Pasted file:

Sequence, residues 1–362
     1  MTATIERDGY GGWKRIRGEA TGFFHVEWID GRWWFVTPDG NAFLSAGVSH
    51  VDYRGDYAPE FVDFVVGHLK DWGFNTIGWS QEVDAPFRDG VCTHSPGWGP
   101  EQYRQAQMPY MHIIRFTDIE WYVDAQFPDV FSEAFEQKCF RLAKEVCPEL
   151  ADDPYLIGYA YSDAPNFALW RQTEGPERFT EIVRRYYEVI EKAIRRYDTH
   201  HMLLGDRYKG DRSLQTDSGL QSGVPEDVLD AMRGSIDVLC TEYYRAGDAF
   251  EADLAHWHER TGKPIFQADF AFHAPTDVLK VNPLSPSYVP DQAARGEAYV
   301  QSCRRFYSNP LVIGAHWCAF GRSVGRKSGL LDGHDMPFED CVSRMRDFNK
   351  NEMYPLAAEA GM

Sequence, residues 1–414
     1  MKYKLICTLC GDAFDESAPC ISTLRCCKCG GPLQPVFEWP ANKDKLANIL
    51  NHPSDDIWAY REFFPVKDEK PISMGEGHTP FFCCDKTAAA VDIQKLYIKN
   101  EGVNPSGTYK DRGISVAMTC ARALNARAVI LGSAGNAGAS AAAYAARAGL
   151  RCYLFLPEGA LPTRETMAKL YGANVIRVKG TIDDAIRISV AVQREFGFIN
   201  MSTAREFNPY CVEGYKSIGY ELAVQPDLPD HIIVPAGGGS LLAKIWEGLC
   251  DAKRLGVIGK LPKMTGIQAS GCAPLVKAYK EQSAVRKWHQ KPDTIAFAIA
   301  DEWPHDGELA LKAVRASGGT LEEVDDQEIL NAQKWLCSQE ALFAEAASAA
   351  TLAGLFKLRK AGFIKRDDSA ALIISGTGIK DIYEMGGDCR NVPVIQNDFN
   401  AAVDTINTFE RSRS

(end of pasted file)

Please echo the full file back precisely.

Sequence, residues 1–362
     1  MTATIERDGY GGWKRIRGEA TGFFHVEWID GRWWFVTPDG NAFLSAGVSH
    51  VDYRGDYAPE FVDFVVGHLK DWGFNTIGWS QEVDAPFRDG VCTHSPGWGP
   101  EQYRQAQMPY MHIIRFTDIE WYVDAQFPDV FSEAFEQKCF RLAKEVCPEL
   151  ADDPYLIGYA YSDAPNFALW RQTEGPERFT EIVRRYYEVI EKAIRRYDTH
   201  HMLLGDRYKG DRSLQTDSGL QSGVPEDVLD AMRGSIDVLC TEYYRAGDAF
   251  EADLAHWHER TGKPIFQADF AFHAPTDVLK VNPLSPSYVP DQAARGEAYV
   301  QSCRRFYSNP LVIGAHWCAF GRSVGRKSGL LDGHDMPFED CVSRMRDFNK
   351  NEMYPLAAEA GM

Sequence, residues 1–414
     1  MKYKLICTLC GDAFDESAPC ISTLRCCKCG GPLQPVFEWP ANKDKLANIL
    51  NHPSDDIWAY REFFPVKDEK PISMGEGHTP FFCCDKTAAA VDIQKLYIKN
   101  EGVNPSGTYK DRGISVAMTC ARALNARAVI LGSAGNAGAS AAAYAARAGL
   151  RCYLFLPEGA LPTRETMAKL YGANVIRVKG TIDDAIRISV AVQREFGFIN
   201  MSTAREFNPY CVEGYKSIGY ELAVQPDLPD HIIVPAGGGS LLAKIWEGLC
   251  DAKRLGVIGK LPKMTGIQAS GCAPLVKAYK EQSAVRKWHQ KPDTIAFAIA
   301  DEWPHDGELA LKAVRASGGT LEEVDDQEIL NAQKWLCSQE ALFAEAASAA
   351  TLAGLFKLRK AGFIKRDDSA ALIISGTGIK DIYEMGGDCR NVPVIQNDFN
   401  AAVDTINTFE RSRS